If one were to go by the omnipresence of the No-No hair removal device commercial, one would come to the conclusion that a fair number of women out there are dealing with the issue of facial hair and not in a way that some might label as entirely healthy. The really perplexing thing is that this issue with actual facial hair seems to be completely at odds with the current pop culture zeitgeist in which women sporting fake mustaches are popping up everywhere from the pages of the British Vogue to the snowboarding course in Sochi.
What is especially interesting about the 21st century phenomenon of otherwise perfectly normal women sporting a fake mustache in public is that so many women go to such incredibly painful lengths to rid themselves of real mustaches that in a great many cases nobody but them can even see. Which only goes to deepen the mystery surrounding the abundance of women with fake mustaches. A great many of them celebrities, of course, but that fact only lessens the impact by the smallest degree.
It all makes for a rather fascinating mash-up of self-conscious Deconstructionist hipster irony and genuine irony of sexual politics almost shamefully devoid of self-consciousness. How so? Because neither the hipster women with fake mustaches nor the buyers of the No-No device may be aware at all of those rebels who staked the path before them.
Tina Fey is the aging queen of hipster irony and the “30 Rock” episode perched high atop the pop cultural phenomenon of women with fake mustaches may stand tallest of all. For now, anyway. Liz Lemon is attuned to the feminine rituals dedicated to keeping an actual female mustache under control so that it does become as prominently noticeable as a fake mustache. But she is also willing to make the ultimate sacrifice for her BFF, Jenna. What makes the episode “Black Light Attack!” the ironic hipster high point in history of women with fake mustaches (so far) is that Liz actually gives her mustache a name. And not just any name, mind you, but a name that reigns supreme in the much larger world of iconic mustaches. That name is Tom Selleck.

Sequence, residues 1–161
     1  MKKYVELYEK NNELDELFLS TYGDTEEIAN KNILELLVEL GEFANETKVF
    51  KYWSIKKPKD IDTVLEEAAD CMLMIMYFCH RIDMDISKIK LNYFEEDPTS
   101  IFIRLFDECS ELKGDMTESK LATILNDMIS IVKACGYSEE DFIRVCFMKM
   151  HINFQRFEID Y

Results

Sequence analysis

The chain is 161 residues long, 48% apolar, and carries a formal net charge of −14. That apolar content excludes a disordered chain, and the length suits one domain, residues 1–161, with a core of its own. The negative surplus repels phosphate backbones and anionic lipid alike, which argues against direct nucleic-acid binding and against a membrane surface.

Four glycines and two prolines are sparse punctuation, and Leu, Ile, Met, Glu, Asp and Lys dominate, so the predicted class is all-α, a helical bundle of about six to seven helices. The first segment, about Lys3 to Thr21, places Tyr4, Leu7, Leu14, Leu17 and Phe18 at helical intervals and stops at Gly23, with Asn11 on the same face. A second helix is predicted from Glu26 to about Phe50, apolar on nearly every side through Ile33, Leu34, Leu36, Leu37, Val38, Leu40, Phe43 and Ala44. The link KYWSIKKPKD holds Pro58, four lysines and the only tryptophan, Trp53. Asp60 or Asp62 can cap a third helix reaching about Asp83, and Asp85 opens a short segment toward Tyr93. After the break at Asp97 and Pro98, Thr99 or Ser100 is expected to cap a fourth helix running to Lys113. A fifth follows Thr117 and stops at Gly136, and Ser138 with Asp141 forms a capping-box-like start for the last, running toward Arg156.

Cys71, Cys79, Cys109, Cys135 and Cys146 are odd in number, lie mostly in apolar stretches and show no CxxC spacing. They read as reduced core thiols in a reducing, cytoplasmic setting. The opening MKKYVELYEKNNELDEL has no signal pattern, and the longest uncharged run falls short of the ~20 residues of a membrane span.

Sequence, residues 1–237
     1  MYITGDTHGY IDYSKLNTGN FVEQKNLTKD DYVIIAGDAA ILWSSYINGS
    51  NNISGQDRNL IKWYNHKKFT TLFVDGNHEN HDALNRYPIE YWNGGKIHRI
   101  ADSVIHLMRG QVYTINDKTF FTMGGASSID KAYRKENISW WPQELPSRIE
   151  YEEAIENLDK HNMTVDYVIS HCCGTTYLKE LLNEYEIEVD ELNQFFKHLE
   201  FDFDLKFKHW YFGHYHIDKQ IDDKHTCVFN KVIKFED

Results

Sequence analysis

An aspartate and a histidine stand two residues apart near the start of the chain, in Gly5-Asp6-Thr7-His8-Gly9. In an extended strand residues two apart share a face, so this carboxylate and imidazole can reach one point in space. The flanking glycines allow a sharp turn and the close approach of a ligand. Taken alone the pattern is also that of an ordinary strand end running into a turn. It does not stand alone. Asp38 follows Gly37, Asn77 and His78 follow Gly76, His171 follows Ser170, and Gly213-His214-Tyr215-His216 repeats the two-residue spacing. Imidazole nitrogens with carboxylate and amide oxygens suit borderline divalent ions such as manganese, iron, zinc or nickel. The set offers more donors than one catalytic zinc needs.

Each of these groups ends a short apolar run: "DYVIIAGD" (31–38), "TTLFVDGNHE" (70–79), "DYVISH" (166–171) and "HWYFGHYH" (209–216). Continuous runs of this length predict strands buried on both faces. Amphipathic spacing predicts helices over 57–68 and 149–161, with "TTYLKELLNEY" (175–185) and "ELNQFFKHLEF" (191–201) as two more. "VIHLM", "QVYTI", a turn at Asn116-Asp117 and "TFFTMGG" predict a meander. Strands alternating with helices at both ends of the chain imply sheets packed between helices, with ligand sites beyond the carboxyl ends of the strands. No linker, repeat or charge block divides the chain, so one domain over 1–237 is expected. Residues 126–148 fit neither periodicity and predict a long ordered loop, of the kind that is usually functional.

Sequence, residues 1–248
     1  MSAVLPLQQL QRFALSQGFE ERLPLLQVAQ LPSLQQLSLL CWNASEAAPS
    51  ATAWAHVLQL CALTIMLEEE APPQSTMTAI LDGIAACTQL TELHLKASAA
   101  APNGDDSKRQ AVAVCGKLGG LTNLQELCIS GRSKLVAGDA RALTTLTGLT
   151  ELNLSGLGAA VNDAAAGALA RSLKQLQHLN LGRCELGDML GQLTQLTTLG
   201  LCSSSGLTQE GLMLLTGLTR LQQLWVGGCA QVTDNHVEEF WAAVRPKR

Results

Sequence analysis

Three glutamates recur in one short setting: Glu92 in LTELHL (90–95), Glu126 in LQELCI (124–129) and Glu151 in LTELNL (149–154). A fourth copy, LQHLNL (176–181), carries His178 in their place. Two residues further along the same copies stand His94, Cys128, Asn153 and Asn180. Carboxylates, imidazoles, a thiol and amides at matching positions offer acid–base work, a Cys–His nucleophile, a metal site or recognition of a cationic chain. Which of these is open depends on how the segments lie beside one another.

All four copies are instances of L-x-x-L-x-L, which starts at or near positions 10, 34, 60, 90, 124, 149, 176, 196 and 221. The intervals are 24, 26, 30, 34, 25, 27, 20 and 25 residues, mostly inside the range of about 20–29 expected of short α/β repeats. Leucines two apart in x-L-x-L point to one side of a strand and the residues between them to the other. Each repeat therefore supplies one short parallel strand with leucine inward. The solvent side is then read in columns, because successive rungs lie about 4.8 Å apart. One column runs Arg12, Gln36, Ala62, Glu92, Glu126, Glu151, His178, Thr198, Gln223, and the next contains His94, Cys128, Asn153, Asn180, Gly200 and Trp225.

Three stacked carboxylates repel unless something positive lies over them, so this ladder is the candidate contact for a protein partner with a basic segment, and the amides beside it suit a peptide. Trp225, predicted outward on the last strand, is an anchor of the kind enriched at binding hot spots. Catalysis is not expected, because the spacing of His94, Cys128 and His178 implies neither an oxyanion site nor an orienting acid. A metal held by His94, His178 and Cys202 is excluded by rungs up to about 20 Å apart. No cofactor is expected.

Shakespeare is High Culture and unlike “30 Rock” that is so far removed from cool that it isn’t even capable of being cool in an ironic way. Unless you’re talking about “She’s the Man.” But “She’s the Man” is a movie overflowing with pop culture significance–Tatum, Bynes, David Cross and, perhaps best of all, an actor actually named–I kid you knot–James Kirk. Not only that, but “She’s the Man” is an adaptation of “Twelfth Night” and that Shakespeare play simply could not exist without women with fake mustaches. Call “Twelfth Night” the prototype for the current fascination of women appearing in public sporting fame mustaches.
Any time you see something going on in the world of women with fake mustaches, you have to understand that the basic template for almost every TV episode and many movies that touch upon the subject traces back not to Shakespeare, but to entertainment icons of supremely greater importance and influence: Wilma Flintstone and Betty Rubble. When you watch Wilma Flintstone and Betty Rubble don fake mustaches in order to get into a meeting of their husbands’ lodge, The Loyal Order of Water Buffaloes, you are truly watching the genesis of a movement that may have culminated with the gold medal winning performance at Sochi of Eva Samkova on that snowboard.
But probably not. So this Sunday, have a fun hair day by donning a fake mustache and make an ironic commentary on sexual politics. Or, even better, allow your real mustache to grow free, unwaxed, unplucked and even un-No-No-ed and make a refreshingly irony-free commentary on sexual politics.